Monday, February 6, 2012

Thailand - Pad Thai

Pad Thai has its origins after World War II, when immigrants from China introduced rice noodles to many southern Asian countries. During the post-war recession, the Thai government encouraged the production of rice noodles and the construction of noodle shops. This led to many styles of rice noodles in Thailand, including Pad Thai.


1 packet Thai noodles
8oz prawns
1 red chilli
2 eggs
1 lime
1 cup beansprouts
¼ cup peanuts
3 spring onions
1 bottle Pad Thai sauce
3 tbls oil

Optional Sauce:
I used a bottle of Pad Thai sauce because I don't like to spend my life making sauces with extra ingredients, but if you like you can make your own sauce using these ingredients. Just mix it all in a bowl until the sugar dissolves and then set it aside for later in the recipe.

2 Tablespoons fish sauce
1 Tablespoons lime juice
2 Tablespoons brown sugar
1/2 Tablespoon tamarind paste mixed with 3 Tablespoons of water
2 teaspoons chillie sauce

First, soak your rice noodles in cold water for an hour, then drain them. They should be firm and still very chewy at this point. Put two tablespoons of oil in the wok on medium-high heat, and stir-fry the chilies until they give off their fragrance, which should take about one minute. I bought a bag of mixed chilies, which turned out to be about a hundred green chilis and one single red chili, which is why there's only a tiny amount in the wok here. I'd recommend two or three chilis instead, if you like chilis.

Add in your prawns. I've used small prawns here, but you can use large ones or even jumbo ones if that suits your fancy. Fry them until they're pink, which should take a minute or two.

Crack the eggs into the pan and give them a good mixing, scrambling, stir-fry until they're cooked.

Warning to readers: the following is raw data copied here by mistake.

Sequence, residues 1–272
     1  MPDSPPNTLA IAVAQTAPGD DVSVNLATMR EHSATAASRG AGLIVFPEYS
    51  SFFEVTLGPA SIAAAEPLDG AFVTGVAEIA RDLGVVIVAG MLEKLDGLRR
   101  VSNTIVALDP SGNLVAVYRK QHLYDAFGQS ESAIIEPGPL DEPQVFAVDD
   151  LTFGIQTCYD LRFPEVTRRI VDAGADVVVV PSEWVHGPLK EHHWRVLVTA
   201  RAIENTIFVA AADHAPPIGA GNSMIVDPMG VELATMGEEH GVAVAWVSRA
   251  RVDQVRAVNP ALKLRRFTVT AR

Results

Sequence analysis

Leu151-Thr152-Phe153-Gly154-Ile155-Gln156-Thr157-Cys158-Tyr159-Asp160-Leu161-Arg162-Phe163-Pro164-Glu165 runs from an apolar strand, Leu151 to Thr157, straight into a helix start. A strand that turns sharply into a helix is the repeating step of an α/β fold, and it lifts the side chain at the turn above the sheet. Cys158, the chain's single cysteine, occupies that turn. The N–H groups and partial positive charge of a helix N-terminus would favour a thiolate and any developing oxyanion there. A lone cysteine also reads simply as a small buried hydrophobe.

The eggs will most likely have soaked up the oil, so add the rest of your oil and spread it around to moisten the pan. Now add your noodles, and as you stir fry them, drizzle the sauce in so it coats them.

Lift and turn the noodles - very gently, or they may will break up - so the ingredients combine more effectively, and continue to stir fry for another 1-2 minutes. Your wok may have dried again, and if so you will need to add another tablespoon of oil. Go ahead and add the bean sprouts, stir frying them in with the noodles.

The noodles are done when they are soft, but still chewy. If they're still too hard at this point, stir fry them for a little longer on medium heat. Once they're done, remove them from the heat immediately and serve them. Sprinkle them with spring onions, coriander, peanuts and fresh lime juice.

The Pad Thai looked really nice, and so I was especially disappointed by the bland taste. I squeezed an additional lime slice onto it for more flavor, which helped a bit. The rice noodles had a texture which is far different from egg or flour noodles. They feel very nice in your mouth, very chewy. I'd like to try the noodles in different ways with stronger sauces to give them another chance. The bean sprouts also had a nice texture, but not much taste. I was suprised by the eggs, which cooked into tiny fluffy bits and also added another pleasing texture. Overall, the whole dish had great texture but almost no taste.

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